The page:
water+works:


A do-it-yourself project transforms a water filtration plant into beautiful, livable space.

Text by Vicki Johnson

Photography by Beau Gustafson

To most it was an ugly, abandoned space with a daunting amount of work to make it habitable, but to Matthew Finley and his wife Mikel Wijayasuriya, it was a blank canvas they could eventually make their own.

Finley met Will Brothers at Auburn University where the two studied architecture and worked on the Rural Studio, a design-build education program that gives students hands-on experience building community and residential structures in Hale County Alabama.

After graduation, the two landed in Birmingham and, in 2007, co-founded their own design/build workshop, Green Bottle Workshop. Its namesake comes from the late architecture professor Samuel Mockbee, affectionately known as “Sambo,” who had a profound influence on them while they were both at Auburn and at the Rural Studio. In its four years in existence, they’ve completed almost 20 residential and commercial projects throughout the Birmingham area.

When the two originally came across the space, it was a vacant water filtration plant that had sat empty for years before being residentially rezoned to Vestavia. When it popped up in their residential listings, they brought clients by, but many were apprehensive and turned away from the project. Finley and his wife decided to take a gamble and bought the place.

“It was supposed to be a clean, open space that we could start to make our own,” Finley says. “We’re still at more of a blank slate and we’re still adding new things. It’s not everybody’s version of home.”

They quickly sold the house they were renovating in Crestwood and bought the space in August 2008 before moving temporarily into a one-bedroom apartment.

Finley and Wijayasuriya had toyed with the idea of purchasing a loft downtown but were unable to find what they were looking for. Having space for their Labradoodles, Peri and Lili, was also a major concern, so when this place came on the market they thought it would give them the loft feel they desired while also providing the benefits of a neighborhood and yard.

Renovation began almost immediately, and for Finley, it was a labor of love. “This was a do-it-yourself project.” he says. “This was nights and weekends over the better part of two years.”

Finley addressed some of the major concerns with the water runoff by adding a retaining wall around the house, which also creates an intimate and enclosed space in the backyard.  Some of his biggest challenges were clearing the space and removing the two old water tanks in the now den area. The inch and a quarter thick steel tanks stood 10 feet tall and 10 feet wide. When all was said and done, he scrapped approximately 6,500 pounds of steel and had to have a crane pull the remaining pieces of the tanks out of their solid concrete bases.

The 2,200-square-foot house now has a master suite, guest room and bath, a kitchen, den, dining room, half bath and office space that acts as headquarters for Green Bottle Workshop.

Finley knew he wanted to keep the exposed industrial trusses of the ceiling and the concrete flooring throughout the house. Radiant heat was added to the kitchen and master suite floor to add a little extra comfort.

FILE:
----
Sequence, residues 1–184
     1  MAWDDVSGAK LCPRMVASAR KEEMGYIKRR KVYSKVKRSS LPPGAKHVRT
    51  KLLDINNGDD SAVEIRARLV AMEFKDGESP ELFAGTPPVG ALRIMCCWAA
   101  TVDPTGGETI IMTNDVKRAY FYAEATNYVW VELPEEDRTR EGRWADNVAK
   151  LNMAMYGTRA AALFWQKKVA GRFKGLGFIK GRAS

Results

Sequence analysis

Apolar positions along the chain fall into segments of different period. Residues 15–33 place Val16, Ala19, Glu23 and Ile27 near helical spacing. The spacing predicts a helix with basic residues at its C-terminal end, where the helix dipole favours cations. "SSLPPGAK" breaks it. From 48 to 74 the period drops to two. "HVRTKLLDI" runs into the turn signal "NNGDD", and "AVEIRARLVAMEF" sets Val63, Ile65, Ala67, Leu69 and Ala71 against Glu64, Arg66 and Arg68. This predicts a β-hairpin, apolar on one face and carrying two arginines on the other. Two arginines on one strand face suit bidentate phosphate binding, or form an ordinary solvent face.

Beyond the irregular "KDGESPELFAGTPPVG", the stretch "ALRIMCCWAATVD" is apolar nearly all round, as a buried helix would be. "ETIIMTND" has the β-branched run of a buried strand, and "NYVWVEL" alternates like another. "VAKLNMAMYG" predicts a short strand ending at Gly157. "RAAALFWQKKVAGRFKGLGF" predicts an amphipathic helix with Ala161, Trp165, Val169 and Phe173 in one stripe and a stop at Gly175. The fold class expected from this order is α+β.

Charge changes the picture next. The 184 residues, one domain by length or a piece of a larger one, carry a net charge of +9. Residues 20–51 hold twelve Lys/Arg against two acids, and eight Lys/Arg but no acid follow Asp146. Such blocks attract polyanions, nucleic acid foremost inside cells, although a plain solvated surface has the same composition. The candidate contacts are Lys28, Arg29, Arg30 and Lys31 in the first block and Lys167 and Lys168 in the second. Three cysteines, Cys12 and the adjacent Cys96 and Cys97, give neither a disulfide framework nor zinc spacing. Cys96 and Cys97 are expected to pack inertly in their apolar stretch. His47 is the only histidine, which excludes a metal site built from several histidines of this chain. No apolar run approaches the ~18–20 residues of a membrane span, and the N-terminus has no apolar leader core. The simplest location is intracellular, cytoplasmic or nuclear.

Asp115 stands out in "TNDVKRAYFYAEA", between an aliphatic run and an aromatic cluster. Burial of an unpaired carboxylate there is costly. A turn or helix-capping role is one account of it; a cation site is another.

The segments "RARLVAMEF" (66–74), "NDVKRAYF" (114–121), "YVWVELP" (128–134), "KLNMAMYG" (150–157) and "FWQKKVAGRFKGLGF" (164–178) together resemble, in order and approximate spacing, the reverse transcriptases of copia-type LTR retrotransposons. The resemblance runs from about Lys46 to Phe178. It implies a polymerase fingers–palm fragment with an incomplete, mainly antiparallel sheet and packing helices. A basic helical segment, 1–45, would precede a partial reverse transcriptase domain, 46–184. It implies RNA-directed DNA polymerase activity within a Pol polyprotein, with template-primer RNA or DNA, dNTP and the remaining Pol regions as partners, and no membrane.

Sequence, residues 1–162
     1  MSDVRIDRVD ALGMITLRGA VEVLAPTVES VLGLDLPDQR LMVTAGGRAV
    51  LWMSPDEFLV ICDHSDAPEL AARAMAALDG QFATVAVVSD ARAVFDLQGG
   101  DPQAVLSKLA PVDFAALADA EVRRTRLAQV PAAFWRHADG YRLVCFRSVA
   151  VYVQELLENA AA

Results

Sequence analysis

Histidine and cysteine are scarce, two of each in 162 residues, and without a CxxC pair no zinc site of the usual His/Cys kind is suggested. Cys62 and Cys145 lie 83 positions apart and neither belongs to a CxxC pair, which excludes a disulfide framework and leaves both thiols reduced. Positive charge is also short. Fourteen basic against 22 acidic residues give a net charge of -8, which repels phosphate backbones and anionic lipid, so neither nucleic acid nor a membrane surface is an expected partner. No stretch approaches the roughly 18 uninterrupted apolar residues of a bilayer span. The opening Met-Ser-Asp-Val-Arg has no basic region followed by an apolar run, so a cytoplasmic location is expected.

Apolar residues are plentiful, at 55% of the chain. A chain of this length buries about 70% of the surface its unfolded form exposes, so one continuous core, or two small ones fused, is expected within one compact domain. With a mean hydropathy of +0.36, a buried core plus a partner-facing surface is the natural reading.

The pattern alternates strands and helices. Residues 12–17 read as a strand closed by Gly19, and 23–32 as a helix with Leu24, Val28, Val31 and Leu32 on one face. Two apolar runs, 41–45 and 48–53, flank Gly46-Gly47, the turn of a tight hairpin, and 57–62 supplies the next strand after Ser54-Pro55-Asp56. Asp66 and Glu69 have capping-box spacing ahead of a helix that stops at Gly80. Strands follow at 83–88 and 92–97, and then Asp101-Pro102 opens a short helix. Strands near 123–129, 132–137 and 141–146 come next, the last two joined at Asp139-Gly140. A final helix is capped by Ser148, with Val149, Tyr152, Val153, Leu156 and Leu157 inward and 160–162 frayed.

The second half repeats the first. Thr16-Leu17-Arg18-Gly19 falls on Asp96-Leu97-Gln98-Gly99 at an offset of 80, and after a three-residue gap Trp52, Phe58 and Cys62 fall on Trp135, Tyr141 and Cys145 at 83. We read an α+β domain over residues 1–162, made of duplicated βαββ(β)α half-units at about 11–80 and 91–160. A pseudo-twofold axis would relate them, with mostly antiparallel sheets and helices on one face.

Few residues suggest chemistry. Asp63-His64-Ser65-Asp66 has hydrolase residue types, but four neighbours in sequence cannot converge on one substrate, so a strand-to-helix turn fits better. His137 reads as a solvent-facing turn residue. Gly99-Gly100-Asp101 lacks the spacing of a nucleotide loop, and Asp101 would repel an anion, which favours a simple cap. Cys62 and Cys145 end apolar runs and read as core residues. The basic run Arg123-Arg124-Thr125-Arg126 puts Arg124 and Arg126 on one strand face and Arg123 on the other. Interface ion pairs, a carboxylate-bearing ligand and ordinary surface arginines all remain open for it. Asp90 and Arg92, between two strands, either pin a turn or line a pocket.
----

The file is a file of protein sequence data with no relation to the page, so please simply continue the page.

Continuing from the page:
“For the most part, we tried to have big openings and as few walls as possible just to make it feel open and light,” he says.

Every door and window in the house was custom built by Finley using glass and steel and the kitchen features a six-by-ten foot window that doubles as a door and provides indoor outdoor living space off the kitchen that spills out onto the patio area.

The house has a light industrial feel with lots of contemporary flair. It’s handmade, modern, as Finley says: “The big goal of this project was to make it seem, I guess, to get the most bang for your buck.” While he may have been on a budget, he certainly didn’t skimp on quality of craftsmanship and detail.

A large sheet of steel wraps around the kitchen wall and acts as a backsplash and fun message board. The stairs leading down from the kitchen and also in the master suite are made from off-the-shelf Home Depot Southern yellow pine held in place by multiple stair stringers. They create an unusual look but one that was very cost-effective.

Finley wanted the kitchen appliances to have a commercial feel without the costs, and after months of looking, purchased a Viking dishwasher and stove off Craigslist.

Add in the large, overlapping mirrors in the den from Southeastern Salvage, the white Barcelona lounge chairs and couch hand-me-downs from Finley’s father, and the coffee table—custom built by Finley and Brothers, featuring a sheet of steel on top with wooden sides—and the house isn’t just beautiful, but is friendly on the wallet.  And Finley’s not afraid of throwing in a few IKEA pieces to keep costs down and tie the look of the house together.

“Most people would consider it modern, but we also don’t want it to be at the expense of comfort or livability,” Finley says. “It’s modern but still functional, useable and comfortable, because we don’t believe that those two things are mutually exclusive.”

It was an unlikely choice in the beginning and a big risk to take, but Finley and Wijayasuriya couldn’t imagine living anywhere else. Their home has a lofted feel, like many downtown residences, but contains the perks of a traditional neighborhood. It’s a blend of budget-friendly design and industrial contemporary pieces and, more important, it’s the place they now finally call home.

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